Film of the Day - Die Another Day


Pierce Brosnan and Halle Berry

Lie another way: Pierce Brosnan and Halle Berry

 

A movie for every day of the year – a good one

 

 

26 March

 

AE Housman born, 1859

On this day in 1859, Alfred Edward Housman was born, in Bromsgrove, UK. Most famous for his poetry cycle The Shropshire Lad, Housman was the son of a solicitor. His mother died when he was 12, on his birthday in fact, and Alfred became a bookish withdrawn child who excelled at academic subjects. He won a scholarship to Oxford, where he failed to get a degree, thanks to a mix of indolence, arrogance and infatuation with a fellow student, Moses Jackson. In spite of a lack of degree Housman wrote and published academic works about Greek and Roman writers in his spare time, and eventually gained such a reputation that he was made a professor of Latin at University College London in 1892. He proceeded to become a foremost textual critic with a reputation for intellectual rigour and a terrifying lecturing style. He was also quietly writing poetry and it came as a shock to colleagues when this academic “descended from a long line of maiden aunts” – as one fellow don described him – published The Shropshire Lad. In contrast to the facade of the severe academic, it was composed of simple, nostalgic, occasionally maudlin verses in the style of folk song. It was aimed at the heart not the head and has been in print ever since.

 

 

 

Die Another Day (2002, dir: Lee Tamahori)

“But since the man who runs away, Lives to die another day” are the lines from Housman’s A Shropshire Lad that provide the title for the 40th anniversary Bond movie. Being an anniversary Bond, the producers have peppered it with references to previous 007 outings, not least in the scene where Bond is conducted through Q’s underground workshop, where gadgets and relics from decades long gone are given another moment on camera – look, there’s Rosa Klebb’s shoe, that thruster pack from … quickly searches imdb… Thunderball. Halle Berry’s orange bikini and her slo-mo walk out of the sea onto the beach being another clear throwback, to Ursula Andress’s goddess-like arrival on the screen in Dr No, the first Bond movie. Die Another Day is the sort of film that is remembered for individual scenes rather than its plot – though its kickoff in North Korea, where a bearded Bond has been held and tortured for months was a shocker at the time (a real country! facial hair!). It’s also the film that gave us the laughable invisible car, Madonna’s attempts at acting, shocking CGI, lines of dialogue with the subtlety of a chemical cosh – “I take it Mr Bond has been explaining his Big Bang theory” and so on. Brosnan is a very good Bond who had the misfortune to arrive on the scene just as two great presences in the 007 universe were shuffling off. The first was the Soviet Union, which had barely shut up shop months before GoldenEye was mooted. The second was Cubby Broccoli, producer of every Bond film since the first, who was barely involved in GoldenEye and dead by the time the next one, Tomorrow Never Dies, hit the screens. Brosnan’s Bond has to contend with both of these upheavals – the re-arrangement of world affairs, plus the attempts by Broccoli’s daughter Barbara and stepson Michael Wilson to re-invigorate the franchise, the success of which would only become fully apparent once Daniel Craig took over. Until then we have Brosnan in his last outing as 007 – relaxed, funny – two Bond villains (Rick Yune, Toby Stephens), Bond girls (Halle Berry, Rosamund Pike, Madonna, if we’re being generous), extreme surfing, armoured hovercraft, and a henchman called Mr Kil.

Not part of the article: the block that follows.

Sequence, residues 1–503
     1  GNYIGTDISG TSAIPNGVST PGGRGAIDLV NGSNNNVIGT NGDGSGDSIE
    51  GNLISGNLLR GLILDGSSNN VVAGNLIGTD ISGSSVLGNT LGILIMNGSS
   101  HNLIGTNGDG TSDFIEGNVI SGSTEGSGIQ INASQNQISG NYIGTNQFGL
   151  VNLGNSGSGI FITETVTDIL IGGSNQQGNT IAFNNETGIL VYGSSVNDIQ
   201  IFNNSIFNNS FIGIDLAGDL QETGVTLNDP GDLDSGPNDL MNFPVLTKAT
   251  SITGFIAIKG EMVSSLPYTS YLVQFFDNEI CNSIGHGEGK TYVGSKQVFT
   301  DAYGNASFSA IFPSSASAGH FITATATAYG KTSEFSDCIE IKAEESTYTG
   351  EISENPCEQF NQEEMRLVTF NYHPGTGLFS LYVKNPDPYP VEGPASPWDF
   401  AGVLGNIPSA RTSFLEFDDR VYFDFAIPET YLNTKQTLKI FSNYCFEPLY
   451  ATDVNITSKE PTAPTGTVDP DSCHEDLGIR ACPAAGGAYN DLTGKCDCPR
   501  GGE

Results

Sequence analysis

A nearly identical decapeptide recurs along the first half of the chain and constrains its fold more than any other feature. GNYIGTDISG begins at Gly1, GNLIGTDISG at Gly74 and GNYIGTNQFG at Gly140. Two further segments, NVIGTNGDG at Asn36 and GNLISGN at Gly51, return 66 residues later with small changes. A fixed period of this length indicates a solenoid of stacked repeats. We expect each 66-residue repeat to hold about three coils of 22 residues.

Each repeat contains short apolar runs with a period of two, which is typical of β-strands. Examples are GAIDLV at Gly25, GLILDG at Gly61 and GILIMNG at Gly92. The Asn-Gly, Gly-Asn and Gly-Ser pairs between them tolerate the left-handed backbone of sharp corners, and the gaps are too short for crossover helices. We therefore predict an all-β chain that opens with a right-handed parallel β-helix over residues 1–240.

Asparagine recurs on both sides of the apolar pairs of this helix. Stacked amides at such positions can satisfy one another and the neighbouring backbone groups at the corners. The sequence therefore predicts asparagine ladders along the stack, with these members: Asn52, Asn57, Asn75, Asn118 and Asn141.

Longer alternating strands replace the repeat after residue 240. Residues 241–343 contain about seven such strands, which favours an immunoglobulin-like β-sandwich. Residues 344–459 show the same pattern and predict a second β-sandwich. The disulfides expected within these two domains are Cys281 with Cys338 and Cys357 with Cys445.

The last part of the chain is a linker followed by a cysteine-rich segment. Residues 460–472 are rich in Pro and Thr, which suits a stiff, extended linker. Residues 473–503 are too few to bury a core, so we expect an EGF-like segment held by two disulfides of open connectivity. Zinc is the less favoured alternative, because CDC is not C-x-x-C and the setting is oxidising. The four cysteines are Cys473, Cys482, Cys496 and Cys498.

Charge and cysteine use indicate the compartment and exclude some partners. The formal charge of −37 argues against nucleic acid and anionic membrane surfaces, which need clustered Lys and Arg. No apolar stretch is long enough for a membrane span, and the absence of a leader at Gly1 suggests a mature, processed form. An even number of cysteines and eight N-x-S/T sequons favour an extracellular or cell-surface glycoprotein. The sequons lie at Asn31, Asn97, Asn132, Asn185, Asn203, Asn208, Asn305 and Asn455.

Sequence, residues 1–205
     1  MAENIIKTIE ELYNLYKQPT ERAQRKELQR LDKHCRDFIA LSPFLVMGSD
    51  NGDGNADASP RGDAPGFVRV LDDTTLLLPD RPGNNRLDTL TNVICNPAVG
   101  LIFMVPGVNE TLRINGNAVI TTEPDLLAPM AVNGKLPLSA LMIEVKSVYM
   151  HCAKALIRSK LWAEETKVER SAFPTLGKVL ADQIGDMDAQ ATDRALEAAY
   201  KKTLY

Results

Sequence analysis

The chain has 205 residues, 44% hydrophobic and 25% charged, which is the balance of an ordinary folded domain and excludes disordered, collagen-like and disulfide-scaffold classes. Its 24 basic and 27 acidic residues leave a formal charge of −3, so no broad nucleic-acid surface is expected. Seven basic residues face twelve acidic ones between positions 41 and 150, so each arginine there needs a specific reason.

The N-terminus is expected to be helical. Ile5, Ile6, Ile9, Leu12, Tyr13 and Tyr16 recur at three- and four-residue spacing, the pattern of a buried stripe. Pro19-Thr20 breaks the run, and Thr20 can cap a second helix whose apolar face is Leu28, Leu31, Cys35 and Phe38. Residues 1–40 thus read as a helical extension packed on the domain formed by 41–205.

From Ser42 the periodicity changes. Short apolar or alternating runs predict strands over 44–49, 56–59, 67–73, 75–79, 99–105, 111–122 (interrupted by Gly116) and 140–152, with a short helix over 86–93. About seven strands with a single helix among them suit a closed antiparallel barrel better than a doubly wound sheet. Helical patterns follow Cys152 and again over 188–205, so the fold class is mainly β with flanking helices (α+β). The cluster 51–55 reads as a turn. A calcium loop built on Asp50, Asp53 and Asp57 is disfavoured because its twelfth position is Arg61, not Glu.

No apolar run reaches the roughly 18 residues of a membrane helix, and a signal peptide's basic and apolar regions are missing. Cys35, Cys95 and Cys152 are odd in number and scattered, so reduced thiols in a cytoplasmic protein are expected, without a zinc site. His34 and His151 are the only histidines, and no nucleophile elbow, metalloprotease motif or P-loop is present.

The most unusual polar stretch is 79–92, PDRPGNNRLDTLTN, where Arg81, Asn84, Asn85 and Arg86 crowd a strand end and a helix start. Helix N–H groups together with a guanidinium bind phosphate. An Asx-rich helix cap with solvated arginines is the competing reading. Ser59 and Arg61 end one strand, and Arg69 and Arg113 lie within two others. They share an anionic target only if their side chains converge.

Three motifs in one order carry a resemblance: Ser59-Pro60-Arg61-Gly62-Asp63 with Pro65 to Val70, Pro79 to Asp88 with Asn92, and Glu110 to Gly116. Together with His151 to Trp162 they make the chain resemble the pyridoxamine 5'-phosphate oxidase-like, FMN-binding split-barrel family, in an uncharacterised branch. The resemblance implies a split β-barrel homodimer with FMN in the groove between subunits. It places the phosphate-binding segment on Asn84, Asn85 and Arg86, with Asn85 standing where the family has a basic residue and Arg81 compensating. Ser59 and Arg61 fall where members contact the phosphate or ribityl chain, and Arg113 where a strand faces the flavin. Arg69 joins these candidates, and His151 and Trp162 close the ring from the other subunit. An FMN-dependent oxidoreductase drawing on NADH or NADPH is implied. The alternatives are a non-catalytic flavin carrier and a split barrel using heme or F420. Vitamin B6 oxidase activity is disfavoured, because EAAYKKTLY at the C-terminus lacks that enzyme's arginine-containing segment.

Why Watch?

 

  • Support cast including John Cleese (Q), Judi Dench (M) and Michael Madsen
  • David Arnold’s lush, John Barry-like score
  • Brosnan’s most relaxed performance as Bond
  • Halle Berry

 

© Steve Morrissey 2014

 

 

Die Another Day – at Amazon

 

 

 

 

imdb poster Die Another Day
Die Another Day (2002)
Run time: 133 min
Rating: 6.1
Genres: Action | Adventure | Crime
Director: Lee Tamahori
Writers: Ian Fleming, Neal Purvis
Stars: Pierce Brosnan, Halle Berry, Rosamund Pike
Trivia: James Bond is sent to investigate the connection between a North Korean terrorist and a diamond mogul who is funding the development of an international space weapon.
Storyline Pierce Brosnan gives one last mission as James Bond. Starting off in North Korea, Bond is betrayed and captured. 14 months later, Bond is set free, but traded for Zao who was captured by MI6. When back in his world, Bond sets off to track down Zao. Bond gets caught up in yet another scheme which sends him to millionaire Gustav Graves. Another MI6 agent known as Miranda Frost is also posing as a friend of Graves. Bond is invited to a presentation held by Graves about a satellite found in space which can project a huge laser beam. Bond must stop this madman with a fellow American agent, known as Jinx. Whilst Bond tries to stop Graves and Zao, will he finally reveal who betrayed him? Written by simon
Plot Keywords: cuba, laser, colonel, north korea, escape
Box Office Budget: $142,000,000 (estimated)
Opening Weekend: $1,235,418 (Japan) (7 March 2003)
Gross: $7,463,693 (Japan) (11 April 2003)